Clause 19.2 of the FIDIC Red Book states that a claimant must submit a notice of the Force Majeure event within 14 days after the claimant is aware, or should have become aware, so that it may be excused from performing the task for as long as the Force Majeure event is in place (if the claimant was prevented from performing its obligations as a result of the event). However, any claim for time and/or costs is then further subjected to a strict notice requirement prescribed under clause 20.1 (to be read in conjunction with clause 19.4).

    The topic of time bars continues to frustrate contractors and subcontractors alike. We advise clients to put in place automated processes to trigger alerts to their contract administrators to issue relevant notices to minimise the risk of a claim being rejected on the basis of time bar. This process is simplified by deploying a purpose-built software, which can be integrated into the client’s existing document management systems.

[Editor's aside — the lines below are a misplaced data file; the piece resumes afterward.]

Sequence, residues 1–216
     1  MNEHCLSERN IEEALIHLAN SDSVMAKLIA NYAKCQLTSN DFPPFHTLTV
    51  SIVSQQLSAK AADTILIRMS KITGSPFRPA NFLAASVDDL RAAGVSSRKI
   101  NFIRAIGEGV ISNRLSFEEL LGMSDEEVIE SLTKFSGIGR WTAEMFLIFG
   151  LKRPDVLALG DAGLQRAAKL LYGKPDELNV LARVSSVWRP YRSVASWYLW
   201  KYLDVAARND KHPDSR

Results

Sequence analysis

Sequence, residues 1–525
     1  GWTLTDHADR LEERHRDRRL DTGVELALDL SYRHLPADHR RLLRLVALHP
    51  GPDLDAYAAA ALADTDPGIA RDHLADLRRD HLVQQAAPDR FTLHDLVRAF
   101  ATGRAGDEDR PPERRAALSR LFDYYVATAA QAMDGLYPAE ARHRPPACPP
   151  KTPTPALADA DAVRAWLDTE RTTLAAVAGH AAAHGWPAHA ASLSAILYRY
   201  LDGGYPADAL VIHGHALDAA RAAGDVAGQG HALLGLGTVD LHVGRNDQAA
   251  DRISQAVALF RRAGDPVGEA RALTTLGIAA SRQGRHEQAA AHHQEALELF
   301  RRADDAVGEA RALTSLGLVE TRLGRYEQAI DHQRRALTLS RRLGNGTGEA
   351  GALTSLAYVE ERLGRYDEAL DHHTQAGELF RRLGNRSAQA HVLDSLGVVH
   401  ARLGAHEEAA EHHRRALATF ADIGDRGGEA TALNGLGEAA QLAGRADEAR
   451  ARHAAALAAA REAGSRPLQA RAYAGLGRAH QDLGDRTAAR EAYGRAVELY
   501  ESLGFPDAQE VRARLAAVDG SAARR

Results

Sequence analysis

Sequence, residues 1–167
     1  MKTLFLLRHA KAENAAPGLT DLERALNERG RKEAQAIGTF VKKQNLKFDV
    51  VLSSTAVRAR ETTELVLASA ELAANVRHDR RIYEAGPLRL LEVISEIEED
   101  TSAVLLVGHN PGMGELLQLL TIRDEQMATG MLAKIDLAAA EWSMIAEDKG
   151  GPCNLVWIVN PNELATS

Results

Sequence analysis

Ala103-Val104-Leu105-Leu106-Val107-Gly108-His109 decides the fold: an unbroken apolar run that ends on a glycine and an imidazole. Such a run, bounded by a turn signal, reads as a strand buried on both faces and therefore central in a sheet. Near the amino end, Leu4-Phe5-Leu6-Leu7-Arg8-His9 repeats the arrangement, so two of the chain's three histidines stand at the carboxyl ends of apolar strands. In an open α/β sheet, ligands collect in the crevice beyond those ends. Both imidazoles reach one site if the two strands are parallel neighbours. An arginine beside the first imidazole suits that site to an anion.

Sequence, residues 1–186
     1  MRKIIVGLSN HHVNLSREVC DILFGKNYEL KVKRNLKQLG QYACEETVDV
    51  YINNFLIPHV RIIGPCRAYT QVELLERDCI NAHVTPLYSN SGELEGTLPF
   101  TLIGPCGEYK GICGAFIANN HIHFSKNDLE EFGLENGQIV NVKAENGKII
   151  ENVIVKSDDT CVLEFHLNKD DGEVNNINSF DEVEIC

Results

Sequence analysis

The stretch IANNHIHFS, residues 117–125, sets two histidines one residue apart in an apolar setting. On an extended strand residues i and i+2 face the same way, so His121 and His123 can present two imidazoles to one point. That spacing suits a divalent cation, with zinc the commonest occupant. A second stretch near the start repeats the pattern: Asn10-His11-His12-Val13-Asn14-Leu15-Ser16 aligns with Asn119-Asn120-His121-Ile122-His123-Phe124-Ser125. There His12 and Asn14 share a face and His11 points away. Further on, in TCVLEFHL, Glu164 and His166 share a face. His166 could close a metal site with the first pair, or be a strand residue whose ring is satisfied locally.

5. Cause and effect

    Demonstrating cause and effect of the event in question involves a forensic analysis to understand the impact of the event on, and in the context of construction, planned activities/work and costs to complete.

    Claimants frequently enlist the assistance of specialist consultants, such as delay experts, quantum experts or other experts in specific technical fields, to advise on the claims being put forward during the project.

    In our experience, causation analysis is often let down by poor record keeping on the project, as well as a lack of understanding of the requirements to discharge the burden of proof. Claimants sometime see entitlement to relief for COVID-19 events as a “given”, and do not spend the necessary effort (time and resources) in proving the claim.

    It is unlikely to be sufficient to simply point to a COVID-19 event and then make a (global) claim for time and/or costs. One would have to undertake the necessary and detailed forensic analysis to substantiate the claim (as would be the case for any other delay or cost claim).

    Again, at the risk of stating the obvious, documents, documents, documents, remain an essential element in all construction claims, including COVID-19 claims, to stand a chance at being successful.